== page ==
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Earlier Q&A

Michael Valpy on the making of the Vimy myth

Globe and Mail Update

"Canadians and their Queen today are commemorating the 90th anniversary of one of the country's most enduring pieces of mythology — a minor battle for a French hill, transformed by alchemy into Canada's defining moment of nationhood," Michael Valpy wrote Saturday in his article Vimy Ridge: The making of a myth

"Canadians, and only Canadians, call it the Battle of Vimy Ridge . . . In everyone else's historical lexicons, it was a limited tactical victory in the First World War's horrendous Battle of Arras, which the British and their allies lost.

"It had a negligible effect on the war's outcome. The Canadians had equal casualties and more strategic successes in other battles, such as Amiens and Passchendaele. If French or British rather than Canadian troops had driven the German enemy off Vimy Ridge, history probably would have forgotten about it."

The victory at Vimy has become inseparable from the Canadian identity. But how it got that status is a murkier matter, and a more interesting one.

Mr. Valpy has kindly agreed to take questions about his article and about the facts and myths of Vimy. Your questions and his answers appear at the bottom of this page.

Mr. Valpy is a senior writer for The Globe and Mail.

He began his journalistic career on The Vancouver Sun and became that newspaper's associate editor and national political columnist. For The Globe and Mail, he has been a member of the editorial board, Ottawa political columnist, Africa correspondent, deputy managing editor and columnist on social and political issues.

He has produced public affairs documentaries for CBC Radio, written for Maclean's, Elm Street, Policy Options and Time (Canada) magazines, won three national newspaper awards, co-authored two books on Canada's Constitution -- The National Deal (1982) and To Match A Dream (1998) -- and one on Canada's emerging generation of adults (New Canada (2003). Trent University awarded him an honorary doctorate in 1997.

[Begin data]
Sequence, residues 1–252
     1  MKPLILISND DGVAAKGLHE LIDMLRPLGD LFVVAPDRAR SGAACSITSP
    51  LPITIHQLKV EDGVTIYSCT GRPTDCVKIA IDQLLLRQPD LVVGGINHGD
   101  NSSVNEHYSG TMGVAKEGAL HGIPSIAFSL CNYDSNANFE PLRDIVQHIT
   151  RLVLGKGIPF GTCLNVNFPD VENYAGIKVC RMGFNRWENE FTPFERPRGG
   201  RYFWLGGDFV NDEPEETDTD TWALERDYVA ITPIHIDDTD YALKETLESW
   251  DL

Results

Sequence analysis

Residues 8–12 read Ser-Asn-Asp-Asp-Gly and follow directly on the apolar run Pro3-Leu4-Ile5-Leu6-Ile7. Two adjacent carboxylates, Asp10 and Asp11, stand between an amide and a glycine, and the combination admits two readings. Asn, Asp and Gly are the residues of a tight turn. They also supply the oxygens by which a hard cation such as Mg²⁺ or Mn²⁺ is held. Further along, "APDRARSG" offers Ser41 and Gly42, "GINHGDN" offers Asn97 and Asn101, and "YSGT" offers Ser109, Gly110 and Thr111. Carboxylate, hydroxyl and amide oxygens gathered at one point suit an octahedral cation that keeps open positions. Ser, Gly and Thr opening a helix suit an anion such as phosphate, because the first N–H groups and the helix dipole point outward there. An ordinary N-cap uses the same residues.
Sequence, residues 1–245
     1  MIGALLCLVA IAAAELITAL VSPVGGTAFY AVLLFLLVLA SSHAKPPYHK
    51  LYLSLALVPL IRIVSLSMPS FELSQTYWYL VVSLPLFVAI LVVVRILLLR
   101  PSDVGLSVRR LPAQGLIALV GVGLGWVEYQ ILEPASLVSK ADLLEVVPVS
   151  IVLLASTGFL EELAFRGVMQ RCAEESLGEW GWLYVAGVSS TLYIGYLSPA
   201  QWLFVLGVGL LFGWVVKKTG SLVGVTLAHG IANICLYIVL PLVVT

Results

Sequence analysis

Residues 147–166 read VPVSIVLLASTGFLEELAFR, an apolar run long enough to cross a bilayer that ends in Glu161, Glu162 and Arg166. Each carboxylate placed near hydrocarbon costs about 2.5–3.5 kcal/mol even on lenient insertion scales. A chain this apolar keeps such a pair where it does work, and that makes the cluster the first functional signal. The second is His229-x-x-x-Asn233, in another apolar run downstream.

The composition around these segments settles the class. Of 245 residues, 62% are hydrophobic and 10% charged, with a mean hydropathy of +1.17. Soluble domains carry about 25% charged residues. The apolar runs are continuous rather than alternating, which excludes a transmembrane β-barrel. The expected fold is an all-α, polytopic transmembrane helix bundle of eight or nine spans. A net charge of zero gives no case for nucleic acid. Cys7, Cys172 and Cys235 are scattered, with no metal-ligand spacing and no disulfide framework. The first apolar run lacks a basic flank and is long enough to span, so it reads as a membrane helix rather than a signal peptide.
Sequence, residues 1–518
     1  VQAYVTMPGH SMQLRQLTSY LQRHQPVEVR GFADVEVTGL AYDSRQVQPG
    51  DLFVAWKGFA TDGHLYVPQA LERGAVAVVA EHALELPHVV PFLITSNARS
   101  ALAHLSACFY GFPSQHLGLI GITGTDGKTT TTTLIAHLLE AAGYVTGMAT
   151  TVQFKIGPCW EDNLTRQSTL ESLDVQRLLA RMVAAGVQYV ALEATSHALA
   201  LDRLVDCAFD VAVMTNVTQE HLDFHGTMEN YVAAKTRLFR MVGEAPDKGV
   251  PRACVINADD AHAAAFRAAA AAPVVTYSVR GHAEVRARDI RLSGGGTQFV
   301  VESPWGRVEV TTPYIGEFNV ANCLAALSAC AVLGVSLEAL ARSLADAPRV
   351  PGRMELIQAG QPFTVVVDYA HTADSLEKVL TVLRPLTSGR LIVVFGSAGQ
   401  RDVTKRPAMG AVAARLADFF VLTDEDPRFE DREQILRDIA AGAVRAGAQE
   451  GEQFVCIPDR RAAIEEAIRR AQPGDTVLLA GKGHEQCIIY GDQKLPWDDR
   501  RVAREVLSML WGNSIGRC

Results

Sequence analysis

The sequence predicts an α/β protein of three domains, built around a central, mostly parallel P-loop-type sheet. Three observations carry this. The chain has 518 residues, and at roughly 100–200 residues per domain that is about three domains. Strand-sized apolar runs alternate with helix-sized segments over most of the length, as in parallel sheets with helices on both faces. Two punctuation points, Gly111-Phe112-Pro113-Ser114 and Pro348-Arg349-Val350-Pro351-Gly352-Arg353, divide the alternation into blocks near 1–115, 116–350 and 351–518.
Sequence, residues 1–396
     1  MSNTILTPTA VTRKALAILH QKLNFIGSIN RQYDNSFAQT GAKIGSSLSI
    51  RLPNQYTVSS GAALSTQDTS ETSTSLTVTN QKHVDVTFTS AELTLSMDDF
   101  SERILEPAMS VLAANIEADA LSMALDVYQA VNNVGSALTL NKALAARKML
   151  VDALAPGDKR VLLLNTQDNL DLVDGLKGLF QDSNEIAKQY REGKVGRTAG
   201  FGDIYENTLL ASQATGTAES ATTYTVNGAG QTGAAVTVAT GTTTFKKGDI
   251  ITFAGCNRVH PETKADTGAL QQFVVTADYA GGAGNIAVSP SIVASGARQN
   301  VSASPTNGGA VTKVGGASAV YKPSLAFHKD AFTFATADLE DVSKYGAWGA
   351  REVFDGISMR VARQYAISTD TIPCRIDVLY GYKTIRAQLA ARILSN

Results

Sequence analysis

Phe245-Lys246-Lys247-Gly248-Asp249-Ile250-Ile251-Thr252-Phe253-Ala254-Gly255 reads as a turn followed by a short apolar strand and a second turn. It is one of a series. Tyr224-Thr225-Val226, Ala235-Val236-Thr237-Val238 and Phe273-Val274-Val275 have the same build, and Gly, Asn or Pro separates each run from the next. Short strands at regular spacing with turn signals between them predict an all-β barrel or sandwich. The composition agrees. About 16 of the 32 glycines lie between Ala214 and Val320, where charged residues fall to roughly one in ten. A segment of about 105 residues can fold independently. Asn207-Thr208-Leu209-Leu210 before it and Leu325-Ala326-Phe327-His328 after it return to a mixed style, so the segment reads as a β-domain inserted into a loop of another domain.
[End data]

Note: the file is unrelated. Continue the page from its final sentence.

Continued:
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Jim Sheppard, Executive Editor, globeandmail.com: Michael, thanks very much for coming online today to answer questions from the readers of globeandmail.com about your excellent article Saturday on the myth-making — and the facts — that surround the Battle of Vimy Ridge.

As you predicted last week before the article was published, it drew a huge response from our readers.

Given that the reality doesn't quite match the traditional interpretation, why do you think Vimy remains such an emotional symbol for so many Canadians?

Michael Valpy: Jim, if I may, I want to begin with a reference to the nearly 300 comments on the article posted on the Globe's website over the weekend and the letters to the editor published in this morning's paper.

The article was not a denigration of Canadians' sacrifice in the First World War. Quite the contrary.

It wasn't a vituperative attack on Christianity as one poster alleged. It wasn't permeated with Marxist analysis (for heaven's sake!) It wasn't aimed at eviscerating pride in Canadian accomplishments. It wasn't cynical. I am one of the least cynical people I know.

But I am fascinated by mythology, and the article quite simply was an attempt to unpack the mythology around the Battle of Vimy Ridge.

I perhaps should have been more explicit in defining "myth" and "mythology" — the words don't mean "fabrication," "false" or "untrue." Myth is an alternative way to history of looking at the past. Myth is what we believe to be true at some profound level of our beings whether or not the belief is supported by history (which in itself is always contingent upon interpretation or re-interpretation from the present).

What I explored in the article was why Vimy had been invested with the mythology of being the defining moment of Canadian national consciousness, when history tells us that Canadian troops fought and won more strategically impressive battles elsewhere — as indicated not only by historians but by Gen. Sir Arthur Currie, Canada's senior wartime general — and when Vimy led directly to conscription which, rather than forging the nation, almost fractured it.

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